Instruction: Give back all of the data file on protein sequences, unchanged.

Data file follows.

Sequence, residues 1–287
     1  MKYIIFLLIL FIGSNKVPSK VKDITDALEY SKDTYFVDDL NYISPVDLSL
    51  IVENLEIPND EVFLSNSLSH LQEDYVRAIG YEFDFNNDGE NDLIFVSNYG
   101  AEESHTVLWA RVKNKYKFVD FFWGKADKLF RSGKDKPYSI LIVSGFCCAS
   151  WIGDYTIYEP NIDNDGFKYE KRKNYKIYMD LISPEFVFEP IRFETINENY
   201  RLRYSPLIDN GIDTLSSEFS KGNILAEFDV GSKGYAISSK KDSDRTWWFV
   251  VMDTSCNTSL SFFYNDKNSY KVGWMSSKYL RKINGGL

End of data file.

Sequence, residues 1–287
     1  MKYIIFLLIL FIGSNKVPSK VKDITDALEY SKDTYFVDDL NYISPVDLSL
    51  IVENLEIPND EVFLSNSLSH LQEDYVRAIG YEFDFNNDGE NDLIFVSNYG
   101  AEESHTVLWA RVKNKYKFVD FFWGKADKLF RSGKDKPYSI LIVSGFCCAS
   151  WIGDYTIYEP NIDNDGFKYE KRKNYKIYMD LISPEFVFEP IRFETINENY
   201  RLRYSPLIDN GIDTLSSEFS KGNILAEFDV GSKGYAISSK KDSDRTWWFV
   251  VMDTSCNTSL SFFYNDKNSY KVGWMSSKYL RKINGGL